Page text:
The Chinese CCP-backed tabloid Global Times calls Lithuania’s decision to expand its ties with Taiwan a “vicious move”.
In July this year, Taiwan and Lithuania announced the decision to open diplomatic missions. Taiwan Foreign Minister Joseph Wu noted that the new representative office will be the country’s first in Europe to include ‘Taiwan’ in its official name. Following the announcement, a spokesperson of the Chinese Foreign Ministry commented that Lithuania’s decision to open a representative office under the name of Taiwan “brazenly violates the spirit of the communiqué on the establishment of diplomatic relations between China and Lithuania and severely undermines China’s sovereignty and territorial integrity.”
Indeed, in the CCP’s eyes, the representative office in Lithuania would break a very important ‘diplomatic rule’. It is related to the so-called ‘one China’ principle, according to which Taiwan is part of China’s territory. In line with the principle, if the host country has diplomatic relations with Beijing, Taiwan’s foreign missions’ names usually feature ‘Taipei’, likely to avoid sovereignty implications. This is also the standard case of Taiwan’s representative offices established with 17 EU member states.
Beijing warned Lithuania that “there is only one China in the world and the People’s Republic of China is the sole legal government representing the whole of China.” Next, China recalled its ambassador to Lithuania and called on the Baltic state to withdraw its own diplomatic counterpart. Lithuania’s decision that challenges the China-self-imposed diplomatic ‘norm’ alongside an overall shift away from China resulted in a diplomatic impasse between the two countries.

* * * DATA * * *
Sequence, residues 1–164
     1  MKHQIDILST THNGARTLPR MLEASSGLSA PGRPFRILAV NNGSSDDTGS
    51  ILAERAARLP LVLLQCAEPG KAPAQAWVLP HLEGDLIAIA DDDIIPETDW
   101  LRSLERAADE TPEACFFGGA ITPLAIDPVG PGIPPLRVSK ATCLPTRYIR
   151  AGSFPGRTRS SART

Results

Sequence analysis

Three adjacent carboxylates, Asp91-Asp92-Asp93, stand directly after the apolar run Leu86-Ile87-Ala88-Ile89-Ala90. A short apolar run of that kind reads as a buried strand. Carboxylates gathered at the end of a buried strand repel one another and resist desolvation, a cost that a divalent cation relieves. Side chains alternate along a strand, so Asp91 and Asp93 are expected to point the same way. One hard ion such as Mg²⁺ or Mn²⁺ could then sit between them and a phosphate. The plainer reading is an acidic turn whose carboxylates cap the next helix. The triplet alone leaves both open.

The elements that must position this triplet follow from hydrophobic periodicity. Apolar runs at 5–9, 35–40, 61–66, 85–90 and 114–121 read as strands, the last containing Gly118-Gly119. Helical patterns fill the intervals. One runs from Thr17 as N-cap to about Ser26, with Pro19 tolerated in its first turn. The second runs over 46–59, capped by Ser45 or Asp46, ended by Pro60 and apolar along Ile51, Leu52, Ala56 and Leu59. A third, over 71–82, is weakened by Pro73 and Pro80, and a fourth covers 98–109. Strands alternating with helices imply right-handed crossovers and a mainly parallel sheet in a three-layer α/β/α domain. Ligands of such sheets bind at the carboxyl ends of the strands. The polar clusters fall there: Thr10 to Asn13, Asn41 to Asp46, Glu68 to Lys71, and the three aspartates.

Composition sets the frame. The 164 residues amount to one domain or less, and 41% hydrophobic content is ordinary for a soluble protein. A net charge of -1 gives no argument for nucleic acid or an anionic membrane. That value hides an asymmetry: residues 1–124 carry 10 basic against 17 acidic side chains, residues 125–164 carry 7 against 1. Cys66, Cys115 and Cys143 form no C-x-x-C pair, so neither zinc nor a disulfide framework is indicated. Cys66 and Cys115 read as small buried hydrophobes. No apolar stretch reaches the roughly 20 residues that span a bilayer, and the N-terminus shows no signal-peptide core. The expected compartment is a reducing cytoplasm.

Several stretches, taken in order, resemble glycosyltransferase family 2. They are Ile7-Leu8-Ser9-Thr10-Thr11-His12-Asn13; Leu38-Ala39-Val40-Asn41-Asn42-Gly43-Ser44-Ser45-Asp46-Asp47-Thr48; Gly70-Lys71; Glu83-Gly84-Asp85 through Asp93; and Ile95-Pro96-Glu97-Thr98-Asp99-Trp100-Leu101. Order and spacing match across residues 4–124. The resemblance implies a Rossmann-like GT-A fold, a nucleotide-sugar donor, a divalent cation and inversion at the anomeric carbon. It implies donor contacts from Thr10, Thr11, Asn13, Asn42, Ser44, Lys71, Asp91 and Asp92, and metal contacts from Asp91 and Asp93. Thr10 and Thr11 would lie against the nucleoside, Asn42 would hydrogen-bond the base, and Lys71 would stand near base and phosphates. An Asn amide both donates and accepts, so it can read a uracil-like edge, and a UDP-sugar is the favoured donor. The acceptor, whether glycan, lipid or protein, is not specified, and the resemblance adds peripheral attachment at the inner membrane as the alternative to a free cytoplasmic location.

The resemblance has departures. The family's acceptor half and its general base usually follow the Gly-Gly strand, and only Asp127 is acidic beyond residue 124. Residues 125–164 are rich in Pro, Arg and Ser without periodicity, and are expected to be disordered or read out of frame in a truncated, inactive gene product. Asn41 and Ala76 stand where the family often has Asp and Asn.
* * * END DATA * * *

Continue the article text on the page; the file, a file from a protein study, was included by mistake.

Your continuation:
Global Times, an English-language daily tabloid newspaper under the auspices of the Chinese Communist Party known for its jingoistic editorials published on the topic several articles full of mockery and calls for retaliation. At a closer look, they follow a well-known pattern of a narrative used by China to justify the Party’s hurt ego.
What is behind Lithuania’s “reckless behavior”?
Global Times pointed out that the internal factor of Lithuania’s “anti-China crusade” is its ruling party transition. Lithuania’s center-right ruling coalition, the Homeland Union-Lithuanian Christian Democrats, came to power in October 2020 promoting a values-based foreign policy. Even though the ruling party orientation is an important element determining Lithuania’s geopolitical orientation, its foreign policy shift away from China has been a gradual process.
In 2019, Lithuanians held a rally for Hong Kong protesters, to which Beijing’s embassy to Lithuania gathered Chinese nationals in the country for a counter-demonstration. Negative sentiments evoked China in the Baltic country when a Chinese tourist removed a memorial to Hong Kong protesters at Lithuania’s Hill of Crosses, a national symbol of resistance to Soviet rule. China not only had conflicts with Lithuania on matters of political ideology, but it also acquired a bad reputation when it comes to security. In 2020, a data leak revealed a Chinese company had been gathering information on more than 500 prominent Lithuanian citizens.